On the cover of this week’s magazine, we’ve got the “metaverse”. Discerning readers will recognise the term from Neal Stephenson’s 1992 dystopian sci-fi novel Snow Crash. Reality and virtual reality come together in an online universe controlled by mega-corporations, in which our heroic protagonist, called, er, Hiro Protagonist, grapples with a mystery computer virus that’s proving deadly in both the virtual world and the real world.
Anyway, Facebook’s Mark Zuckerberg has decided he’s going to build the metaverse, and has rebranded his company as “Meta Platforms”.
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So, what does it all mean? Is it just marketing flannel to sell more Oculus VR headsets, or will it prove to be the beginning of a whole new way of living? Nobody really knows. But what’s certain is that it will open up some new opportunities for investors.
Elsewhere, Dr Mike Tubbs picks nine of his favourite stocks that he reckons you should buy and hold forever; David Stevenson looks at four of the best new investment trusts coming to market; and we ask – is it worth taking out private health insurance?
If you’re not already a subscriber, sign up here and get your first six issues free.
In this week’s podcast Merryn – fresh from her appearance at the COP26 Fringe – is joined by John. They discuss the climate conference and talk about nuclear power (it’s a lot safer than pretty much everybody thinks), the world’s ageing population and, of course, inflation. Listen to what they have to say here.
Here are the links for this week’s editions of Money Morning and other web articles you may have missed:
- Monday Money Morning: Central banks are still sticking to the plan on inflation
- Tuesday Money Morning: Is investors’ enthusiasm for renewable energy justified?
- Merryn’s blog: Inflation forecasts mean interest rates should be on the rise – so why aren’t they?
- Wednesday Money Morning: Bitcoin hits a new record – and we all know what usually comes after fresh highs
- Thursday Money Morning: Inflation might surprise us again in the short-term – but it’s here to stay
- Friday Money Morning: All you need to know about investing for the year ahead in one handy package
- Cryptocurrency roundup: New highs for bitcoin and ether as Twitter jumps on the crypto-wagon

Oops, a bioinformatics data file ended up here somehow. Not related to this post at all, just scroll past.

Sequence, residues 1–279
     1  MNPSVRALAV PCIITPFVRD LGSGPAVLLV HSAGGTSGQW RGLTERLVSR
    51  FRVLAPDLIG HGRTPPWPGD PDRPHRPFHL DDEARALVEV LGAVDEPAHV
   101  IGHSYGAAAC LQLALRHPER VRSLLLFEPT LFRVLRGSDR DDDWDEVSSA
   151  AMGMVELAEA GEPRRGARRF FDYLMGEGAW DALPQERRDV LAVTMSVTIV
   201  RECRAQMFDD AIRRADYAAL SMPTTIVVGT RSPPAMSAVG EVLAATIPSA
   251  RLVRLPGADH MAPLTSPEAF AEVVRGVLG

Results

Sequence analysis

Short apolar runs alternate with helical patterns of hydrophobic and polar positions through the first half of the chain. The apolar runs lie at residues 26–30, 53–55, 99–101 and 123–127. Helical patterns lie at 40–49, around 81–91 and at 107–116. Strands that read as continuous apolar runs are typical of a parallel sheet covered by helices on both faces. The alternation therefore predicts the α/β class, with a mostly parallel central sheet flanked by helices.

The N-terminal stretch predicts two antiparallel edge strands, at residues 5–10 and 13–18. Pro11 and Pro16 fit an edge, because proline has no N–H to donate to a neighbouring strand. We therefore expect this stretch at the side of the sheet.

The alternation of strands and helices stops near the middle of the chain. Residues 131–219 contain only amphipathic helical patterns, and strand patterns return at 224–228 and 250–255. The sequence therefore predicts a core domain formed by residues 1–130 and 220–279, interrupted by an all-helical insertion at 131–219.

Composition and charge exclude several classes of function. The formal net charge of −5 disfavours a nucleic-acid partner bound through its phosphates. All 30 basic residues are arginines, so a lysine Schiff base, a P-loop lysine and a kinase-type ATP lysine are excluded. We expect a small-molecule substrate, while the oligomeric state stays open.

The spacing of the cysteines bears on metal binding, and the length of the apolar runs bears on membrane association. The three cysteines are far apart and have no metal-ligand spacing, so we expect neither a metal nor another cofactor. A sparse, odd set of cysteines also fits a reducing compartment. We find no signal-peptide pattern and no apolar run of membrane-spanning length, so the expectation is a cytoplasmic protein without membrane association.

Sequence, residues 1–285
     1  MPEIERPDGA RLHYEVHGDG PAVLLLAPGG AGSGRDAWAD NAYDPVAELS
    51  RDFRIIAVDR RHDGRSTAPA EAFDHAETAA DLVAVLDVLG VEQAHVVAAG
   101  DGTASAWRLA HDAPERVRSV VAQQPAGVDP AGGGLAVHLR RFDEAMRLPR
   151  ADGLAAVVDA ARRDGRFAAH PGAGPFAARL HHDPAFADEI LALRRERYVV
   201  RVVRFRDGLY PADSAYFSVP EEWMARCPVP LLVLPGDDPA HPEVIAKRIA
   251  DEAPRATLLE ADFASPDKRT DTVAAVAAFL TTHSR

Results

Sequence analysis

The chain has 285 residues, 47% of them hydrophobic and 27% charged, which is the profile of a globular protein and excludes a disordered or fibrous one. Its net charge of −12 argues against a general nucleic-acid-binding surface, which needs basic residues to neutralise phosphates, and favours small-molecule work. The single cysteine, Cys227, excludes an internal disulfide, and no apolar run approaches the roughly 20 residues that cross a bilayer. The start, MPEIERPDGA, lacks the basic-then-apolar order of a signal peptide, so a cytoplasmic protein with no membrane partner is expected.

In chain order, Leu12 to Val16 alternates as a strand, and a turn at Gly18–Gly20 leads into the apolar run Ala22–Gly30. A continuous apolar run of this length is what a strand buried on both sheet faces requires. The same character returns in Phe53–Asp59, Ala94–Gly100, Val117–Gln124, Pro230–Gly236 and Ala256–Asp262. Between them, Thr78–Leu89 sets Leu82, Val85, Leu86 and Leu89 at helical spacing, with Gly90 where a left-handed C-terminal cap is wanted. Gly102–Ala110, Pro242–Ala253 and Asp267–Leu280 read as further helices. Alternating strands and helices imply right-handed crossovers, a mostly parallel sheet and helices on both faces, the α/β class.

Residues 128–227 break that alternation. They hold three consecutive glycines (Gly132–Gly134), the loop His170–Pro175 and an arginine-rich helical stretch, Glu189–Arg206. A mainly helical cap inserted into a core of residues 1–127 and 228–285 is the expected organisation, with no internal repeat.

Now for the charts of the week.
Gold really took off this week after a long time going nowhere. US inflation surpassing expectations to hit a 30-year high has driven investors into the arms of the yellow metal, who hope it will provide some protection.
Interestingly (given that it traditionally goes in the opposite direction to gold), the US dollar index (DXY – a measure of the strength of the dollar against a basket of the currencies of its major trading partners) also put on a show of strength.
While the Chinese yuan (or renminbi) weakened against the US dollar (when the red line is rising, the dollar is strengthening while the yuan is weakening).
The yield on the ten-year US government bond turned back up after earlier falls, as investors bet on rates rising faster (in line with inflation).
The yield on the Japanese ten-year bond halted its recent slide and also turned back up.
A move which was mirrored in the yield on the ten-year German Bund.
Copper traded sideways.
The closely related Aussie dollar fell against the strengthening dollar.
Bitcoin hit a new all-time high of around $68,500, then retreated a little. But, as Dominic said this week, the thing about new highs is that they tend to lead to more new highs.
US weekly initial jobless claims fell by 4,000 to 267,000. The four-week moving average rose by 2,000 to 271,000.
The oil price recovered somewhat.
Amazon's share price turned down as growth stocks in general suffered an inflation-driven selloff (they don’t like the risk that interest rates will go up).
And Tesla’s share price took a battering from its own CEO, Elon Musk, who asked the Twitter hive mind if he should sell 10% of his holdings. Twitter said “yes”. So that’s what he did.
Have a great weekend.
Ben studied modern languages at London University's Queen Mary College. After dabbling unhappily in local government finance for a while, he went to work for The Scotsman newspaper in Edinburgh. The launch of the paper's website, scotsman.com, in the early years of the dotcom craze, saw Ben move online to manage the Business and Motors channels before becoming deputy editor with responsibility for all aspects of online production for The Scotsman, Scotland on Sunday and the Edinburgh Evening News websites, along with the papers' Edinburgh Festivals website.
Ben joined MoneyWeek as website editor in 2008, just as the Great Financial Crisis was brewing. He has written extensively for the website and magazine, with a particular emphasis on alternative finance and fintech, including blockchain and bitcoin. As an early adopter of bitcoin, Ben bought when the price was under $200, but went on to spend it all on foolish fripperies.
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